Julie Brock and Suzi Spangenberg were leaders in the SKSM community.  We know that they were there at an April 4 student body meeting where the leaked documents were discussed.  We know that the school says they were early recipients of the leak.  Beyond that, there has been no proof of their involvement.  And this delay has come with increasing financial cost and increasing damage to their reputations, as well. We do have an organization that functions as a gatekeeper that's equipped to evaluate this information. 

The Ministerial Fellowship Committee, if Starr King does not resolve the matter and leaves the degrees in limbo, could consider taking the unusual step of allowing Brock and Spangenberg to forego the M.Div. and consider their work done “an equivalent determined by the MFC.”  I respectfully ask of the MFC that they consider taking this action. Of course, Brock and Spangenberg should still be held to the same rigorous standards as any candidate for our ministry, and complete any other unfinished steps, such as internships.  

The students are the ones with the least power and access to resources in this situation.  Regardless of their guilt or innocence in the leaking of documents, they are also taking a principled stand and enduring financial hardship to do so. Funds not used by Brock and Spangenberg for their legal help will, with the donors’ permission, go to a fund to help seminarians in crisis.  That’s a worthy thing to support, as well.

So I also invite Unitarian Universalists to join in supporting Brock and Spangenberg’s legal defense fund. (Note: Control of the fund has being transferred to the UUSCM, and you can donate here:

I don’t have any more right to decide what should be done than any other Unitarian Universalist. And yes, there are things about the situation that I don't know, but other things, such as the request for e-mails and the assumption of guilt before proof, are clear from what we do know.  This has been one of the hardest things I've ever written, because I know it's controversial, it's murky, and I have conflicting loyalties.  It pains me to think that speaking up for what I think is right may cost me friendships and be professionally or personally damaging.  That's why I've stayed silent as long as I have, and I'm sure that's true for others as well.  But my worship theme for this month is "integrity."  I have tried to act with integrity in speaking first to the SKSM Board and President, and now by speaking up for what I think is right.  This has gone on too long, and is creating more damage as it goes on to everyone involved.  It's time to change course, to deescalate, and if that doesn't happen, for UUs to speak up.  We have a right, collectively, to influence our movement, our religion, our ministry, and our theological schools.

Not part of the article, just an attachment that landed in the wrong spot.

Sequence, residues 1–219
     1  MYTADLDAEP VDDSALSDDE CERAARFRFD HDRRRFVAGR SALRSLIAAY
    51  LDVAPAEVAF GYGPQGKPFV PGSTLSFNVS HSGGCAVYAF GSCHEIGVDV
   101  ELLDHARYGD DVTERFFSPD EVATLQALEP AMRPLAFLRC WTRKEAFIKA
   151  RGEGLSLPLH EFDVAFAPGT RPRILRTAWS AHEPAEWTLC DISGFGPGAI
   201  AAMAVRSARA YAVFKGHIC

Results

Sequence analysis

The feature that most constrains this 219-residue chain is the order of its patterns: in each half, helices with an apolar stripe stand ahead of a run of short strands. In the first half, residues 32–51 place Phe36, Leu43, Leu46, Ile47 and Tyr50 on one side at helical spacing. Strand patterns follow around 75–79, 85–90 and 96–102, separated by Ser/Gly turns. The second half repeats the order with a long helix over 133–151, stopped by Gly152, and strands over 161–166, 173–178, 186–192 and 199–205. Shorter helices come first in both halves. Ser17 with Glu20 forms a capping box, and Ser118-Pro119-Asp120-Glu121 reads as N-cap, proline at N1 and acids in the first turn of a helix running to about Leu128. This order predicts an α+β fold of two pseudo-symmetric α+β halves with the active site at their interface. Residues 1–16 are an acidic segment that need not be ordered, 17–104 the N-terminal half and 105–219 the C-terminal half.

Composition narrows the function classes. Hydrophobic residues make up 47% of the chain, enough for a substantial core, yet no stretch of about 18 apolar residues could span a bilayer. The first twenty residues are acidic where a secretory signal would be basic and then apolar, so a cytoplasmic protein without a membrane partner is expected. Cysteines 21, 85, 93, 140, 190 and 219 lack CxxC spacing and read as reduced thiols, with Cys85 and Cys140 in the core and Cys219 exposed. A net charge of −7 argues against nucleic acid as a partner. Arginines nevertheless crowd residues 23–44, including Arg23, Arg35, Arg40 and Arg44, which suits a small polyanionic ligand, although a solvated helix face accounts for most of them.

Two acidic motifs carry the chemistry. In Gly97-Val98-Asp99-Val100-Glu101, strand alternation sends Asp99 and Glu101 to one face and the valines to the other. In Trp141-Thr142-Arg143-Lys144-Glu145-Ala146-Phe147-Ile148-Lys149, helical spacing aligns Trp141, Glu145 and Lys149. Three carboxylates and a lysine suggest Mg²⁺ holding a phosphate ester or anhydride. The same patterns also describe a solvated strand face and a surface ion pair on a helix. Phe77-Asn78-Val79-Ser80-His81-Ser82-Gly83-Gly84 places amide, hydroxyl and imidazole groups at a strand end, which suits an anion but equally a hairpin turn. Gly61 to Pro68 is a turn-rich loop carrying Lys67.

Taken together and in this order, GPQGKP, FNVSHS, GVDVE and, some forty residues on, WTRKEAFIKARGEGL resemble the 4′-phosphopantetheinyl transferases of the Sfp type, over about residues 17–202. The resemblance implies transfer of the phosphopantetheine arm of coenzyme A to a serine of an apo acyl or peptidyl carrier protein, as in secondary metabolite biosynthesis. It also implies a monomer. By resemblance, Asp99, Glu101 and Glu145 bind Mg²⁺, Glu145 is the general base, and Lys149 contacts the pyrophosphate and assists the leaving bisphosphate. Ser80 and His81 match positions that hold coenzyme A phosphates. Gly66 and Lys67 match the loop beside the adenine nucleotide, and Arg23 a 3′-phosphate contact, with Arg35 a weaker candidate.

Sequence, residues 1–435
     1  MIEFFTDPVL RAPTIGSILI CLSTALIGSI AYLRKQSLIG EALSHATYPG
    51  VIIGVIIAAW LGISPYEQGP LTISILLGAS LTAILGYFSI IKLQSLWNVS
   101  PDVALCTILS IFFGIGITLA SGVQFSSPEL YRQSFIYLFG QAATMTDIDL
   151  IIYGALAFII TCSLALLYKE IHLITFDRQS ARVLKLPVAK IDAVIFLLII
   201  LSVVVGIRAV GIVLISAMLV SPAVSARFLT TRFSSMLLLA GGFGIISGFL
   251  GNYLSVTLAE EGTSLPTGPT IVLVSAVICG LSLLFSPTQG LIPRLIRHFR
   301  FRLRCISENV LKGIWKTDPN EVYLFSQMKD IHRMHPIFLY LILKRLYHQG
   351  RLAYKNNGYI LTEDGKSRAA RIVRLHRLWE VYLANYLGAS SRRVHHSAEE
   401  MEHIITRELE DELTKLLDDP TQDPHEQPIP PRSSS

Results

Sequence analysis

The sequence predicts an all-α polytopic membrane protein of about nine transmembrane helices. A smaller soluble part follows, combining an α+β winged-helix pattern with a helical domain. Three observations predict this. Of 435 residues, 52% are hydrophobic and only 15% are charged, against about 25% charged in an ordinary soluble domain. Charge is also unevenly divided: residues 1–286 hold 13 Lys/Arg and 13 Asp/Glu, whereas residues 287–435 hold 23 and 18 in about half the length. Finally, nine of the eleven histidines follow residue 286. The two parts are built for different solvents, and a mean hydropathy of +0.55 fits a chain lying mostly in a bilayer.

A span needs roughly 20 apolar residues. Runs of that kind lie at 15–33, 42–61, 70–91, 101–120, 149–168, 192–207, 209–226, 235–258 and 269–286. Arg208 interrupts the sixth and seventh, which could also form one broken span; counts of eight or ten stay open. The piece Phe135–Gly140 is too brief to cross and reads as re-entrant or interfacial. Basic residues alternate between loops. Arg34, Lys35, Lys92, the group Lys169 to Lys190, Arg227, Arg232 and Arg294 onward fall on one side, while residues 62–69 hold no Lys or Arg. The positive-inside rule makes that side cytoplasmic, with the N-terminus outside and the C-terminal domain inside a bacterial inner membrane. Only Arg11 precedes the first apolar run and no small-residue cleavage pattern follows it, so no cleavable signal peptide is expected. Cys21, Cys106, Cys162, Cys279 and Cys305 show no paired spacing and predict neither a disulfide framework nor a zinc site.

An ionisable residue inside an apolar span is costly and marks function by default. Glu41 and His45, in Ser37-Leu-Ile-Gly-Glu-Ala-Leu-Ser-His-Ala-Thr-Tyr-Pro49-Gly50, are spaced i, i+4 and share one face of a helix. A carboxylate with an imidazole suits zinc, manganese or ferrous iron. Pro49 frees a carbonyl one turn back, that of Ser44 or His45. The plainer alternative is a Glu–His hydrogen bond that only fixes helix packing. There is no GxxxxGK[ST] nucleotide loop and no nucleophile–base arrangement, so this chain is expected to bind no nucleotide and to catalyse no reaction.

[i]  Here are links to documents about the situation, in addition to the newer information linked to in my introduction: